Johnstone Adams wishes you all very happy holiday season and new year!
Two new proposed immigration regulations would profoundly affect employers, international students, H-1B and L-1 visa holders, EB-5 investors, asylum seekers, and others. The first rule would make changes to the USCIS fee schedule. In this rule, DHS proposed to adjust USCIS fees by a weighted average increase of 21 percent, add new fees, and make other changes, including form changes and the introduction of several new forms. The second would make multiple changes to the regulations governing asylum applications and eligibility for employment authorization based on a pending asylum application. These new DHS proposed rules will place additional burdens on employers seeking to sponsor nonimmigrant and immigrant workers and those seeking asylum. More information is available via the follow links on the proposed fee rule and the proposed rule regarding asylum employment authorizations.
Border agents no longer have complete discretion to search your phone and computer at the border. They now need to have reasons for suspicion of unlawful intent before demanding to search electronics. On November 12, 2019, U.S. District Judge Denise Casper said there must be a reasonable suspicion that the devices contain contraband — such as child pornography or classified information — before the search. The ruling, however, did not go so far as to require warrants for searches of electronic devices, but the Judge concluded that the border search exception to the Fourth Amendment does not give CBP officers an unfettered ability to search electronic devices. Casper said she was requiring reasonable suspicion, rather than a warrant justified by probable cause, because travelers have a reduced expectation of privacy at the border and the government has an interest in maintaining “territorial integrity.”
The number of electronic device searches at U.S. ports of entry has recently increased significantly. Last year, CBP conducted more than 33,000 searches, almost four times the number from just three years prior. This new ruling is a major victory for privacy rights.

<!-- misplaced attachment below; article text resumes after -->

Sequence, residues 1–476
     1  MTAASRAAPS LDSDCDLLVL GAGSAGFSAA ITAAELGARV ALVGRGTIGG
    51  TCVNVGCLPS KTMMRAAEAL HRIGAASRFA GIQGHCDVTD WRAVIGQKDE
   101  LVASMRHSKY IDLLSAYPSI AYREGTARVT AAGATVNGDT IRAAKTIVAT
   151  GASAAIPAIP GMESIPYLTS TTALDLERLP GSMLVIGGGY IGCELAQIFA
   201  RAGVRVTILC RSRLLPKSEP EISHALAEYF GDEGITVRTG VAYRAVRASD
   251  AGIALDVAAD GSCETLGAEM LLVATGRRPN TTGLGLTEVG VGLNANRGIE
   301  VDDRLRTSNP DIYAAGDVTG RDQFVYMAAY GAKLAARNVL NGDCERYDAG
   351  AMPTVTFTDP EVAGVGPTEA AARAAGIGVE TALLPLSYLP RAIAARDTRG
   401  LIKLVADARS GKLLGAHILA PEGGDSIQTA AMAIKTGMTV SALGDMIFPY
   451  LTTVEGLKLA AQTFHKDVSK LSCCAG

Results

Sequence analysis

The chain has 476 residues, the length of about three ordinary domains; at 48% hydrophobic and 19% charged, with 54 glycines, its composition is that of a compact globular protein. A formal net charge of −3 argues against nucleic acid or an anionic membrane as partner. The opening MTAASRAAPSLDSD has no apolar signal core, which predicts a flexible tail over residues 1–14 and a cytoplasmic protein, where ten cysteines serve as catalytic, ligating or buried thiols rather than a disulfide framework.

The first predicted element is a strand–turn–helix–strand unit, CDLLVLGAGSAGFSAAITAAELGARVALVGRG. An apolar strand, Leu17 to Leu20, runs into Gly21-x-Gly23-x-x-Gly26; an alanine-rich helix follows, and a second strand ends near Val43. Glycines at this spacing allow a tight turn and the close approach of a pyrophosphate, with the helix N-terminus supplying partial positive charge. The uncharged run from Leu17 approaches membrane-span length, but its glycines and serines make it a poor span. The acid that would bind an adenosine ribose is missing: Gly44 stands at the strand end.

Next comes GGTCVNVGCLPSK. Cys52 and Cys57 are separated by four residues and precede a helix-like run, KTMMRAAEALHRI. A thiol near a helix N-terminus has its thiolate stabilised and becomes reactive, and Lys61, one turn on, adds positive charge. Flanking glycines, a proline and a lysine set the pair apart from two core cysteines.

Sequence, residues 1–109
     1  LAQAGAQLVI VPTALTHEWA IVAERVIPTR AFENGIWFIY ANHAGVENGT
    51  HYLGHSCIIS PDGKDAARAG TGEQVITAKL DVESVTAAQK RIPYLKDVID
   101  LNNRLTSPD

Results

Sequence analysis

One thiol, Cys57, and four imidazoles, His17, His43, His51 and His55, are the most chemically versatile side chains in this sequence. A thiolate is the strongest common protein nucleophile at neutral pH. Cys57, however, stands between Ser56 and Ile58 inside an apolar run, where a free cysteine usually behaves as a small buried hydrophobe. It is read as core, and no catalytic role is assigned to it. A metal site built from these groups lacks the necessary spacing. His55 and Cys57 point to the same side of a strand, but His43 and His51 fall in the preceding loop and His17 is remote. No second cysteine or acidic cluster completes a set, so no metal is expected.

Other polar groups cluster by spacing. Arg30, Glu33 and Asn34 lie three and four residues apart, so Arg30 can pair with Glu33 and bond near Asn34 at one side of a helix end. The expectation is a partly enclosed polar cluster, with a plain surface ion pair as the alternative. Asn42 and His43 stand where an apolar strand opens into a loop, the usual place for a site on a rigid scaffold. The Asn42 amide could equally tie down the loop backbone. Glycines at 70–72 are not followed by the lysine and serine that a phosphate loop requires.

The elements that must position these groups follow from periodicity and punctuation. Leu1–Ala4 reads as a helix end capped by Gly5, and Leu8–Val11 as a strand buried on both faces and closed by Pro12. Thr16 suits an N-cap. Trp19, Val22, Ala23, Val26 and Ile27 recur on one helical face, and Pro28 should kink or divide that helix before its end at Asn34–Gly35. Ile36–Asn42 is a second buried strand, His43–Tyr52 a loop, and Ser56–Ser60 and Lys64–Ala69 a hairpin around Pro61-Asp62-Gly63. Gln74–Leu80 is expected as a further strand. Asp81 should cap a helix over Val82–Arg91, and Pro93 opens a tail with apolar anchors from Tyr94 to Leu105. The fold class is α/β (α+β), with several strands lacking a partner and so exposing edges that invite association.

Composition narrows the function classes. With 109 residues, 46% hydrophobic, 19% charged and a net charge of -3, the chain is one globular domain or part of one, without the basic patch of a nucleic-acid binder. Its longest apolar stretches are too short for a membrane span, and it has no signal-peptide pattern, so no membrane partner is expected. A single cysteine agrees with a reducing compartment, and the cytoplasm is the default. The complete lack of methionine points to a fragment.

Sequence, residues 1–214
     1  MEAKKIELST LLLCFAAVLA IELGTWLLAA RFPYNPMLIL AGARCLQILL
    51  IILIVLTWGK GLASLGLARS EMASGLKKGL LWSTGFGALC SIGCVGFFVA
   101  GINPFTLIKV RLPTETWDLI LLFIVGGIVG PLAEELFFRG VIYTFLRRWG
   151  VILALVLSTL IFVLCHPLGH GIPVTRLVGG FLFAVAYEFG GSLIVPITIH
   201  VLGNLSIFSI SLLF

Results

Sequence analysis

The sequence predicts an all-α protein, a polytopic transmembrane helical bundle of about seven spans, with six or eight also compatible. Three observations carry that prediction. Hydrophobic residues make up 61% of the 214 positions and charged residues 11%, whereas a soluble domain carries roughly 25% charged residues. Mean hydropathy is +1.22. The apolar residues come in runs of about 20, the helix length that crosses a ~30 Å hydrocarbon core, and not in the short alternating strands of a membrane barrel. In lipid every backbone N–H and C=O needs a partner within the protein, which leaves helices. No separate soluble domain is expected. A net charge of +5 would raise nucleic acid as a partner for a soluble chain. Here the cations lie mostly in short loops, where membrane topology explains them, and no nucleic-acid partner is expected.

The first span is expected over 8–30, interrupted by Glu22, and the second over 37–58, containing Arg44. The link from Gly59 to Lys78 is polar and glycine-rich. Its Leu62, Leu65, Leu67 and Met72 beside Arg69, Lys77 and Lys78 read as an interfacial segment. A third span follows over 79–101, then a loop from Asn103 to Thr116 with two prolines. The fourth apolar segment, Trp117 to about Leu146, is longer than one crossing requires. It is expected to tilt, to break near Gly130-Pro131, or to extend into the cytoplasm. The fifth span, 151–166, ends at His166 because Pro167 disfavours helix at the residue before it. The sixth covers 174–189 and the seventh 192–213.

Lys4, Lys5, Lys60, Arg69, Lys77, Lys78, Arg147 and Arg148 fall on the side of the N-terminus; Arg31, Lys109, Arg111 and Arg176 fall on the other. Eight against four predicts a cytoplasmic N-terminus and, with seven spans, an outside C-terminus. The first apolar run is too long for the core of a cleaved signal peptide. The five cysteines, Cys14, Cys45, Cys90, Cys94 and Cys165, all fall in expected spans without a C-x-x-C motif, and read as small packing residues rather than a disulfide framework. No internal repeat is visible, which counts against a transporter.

Great news for Polish nationals. Acting Secretary of Homeland Security Kevin K. McAleenan, in coordination with Secretary of State Mike Pompeo, designated Poland into the Visa Waiver Program (VWP). Effective November 11, 2019, Polish nationals may travel to the United States without a visa, using only their Polish passports and an approved ESTA. Poland joins thirty-eight countries currently participating in the Visa Waiver Program. The DHS announcement states, “This designation demonstrates the strong partnership and cooperation between the United States and Poland, its trusted partner. The Visa Waiver Program will expand cultural ties and strengthen the economy of both nations by encouraging tourism and business exchanges.”
On November 7, 2019, USCIS announced a Final Rule that requires employers seeking to submit petitions to employ H-1B workers to pay a registration fee of $10. The fee is non-refundable. The Final Rule will become effective on December 9, 2019, and will be in place for the fiscal year 2021 H-1B cap selection process. Further details on its implementation and the implementation of the new electronic registration system will be forthcoming from USCIS at a later date.
According to DHS briefing documents obtained by BuzzFeed News, USCIS is planning to publish proposed Federal regulations in January 2020 modifying the fee structure for certain immigration benefits. Most notably, USCIS is allegedly proposing to charge $50 for asylum applications and an unspecified additional amount for Deferred Action for Childhood Arrivals (DACA) renewals. Fees would also be added to asylum-based work authorization documents. In addition to the new fees, USCIS is purportedly going to further restrict the use of fee waivers.
These are but the latest tactics of the Trump Administration to make immigration inaccessible to a large swath of the population. Of note, the United States would become one of only four countries in the world to charge for asylum applications.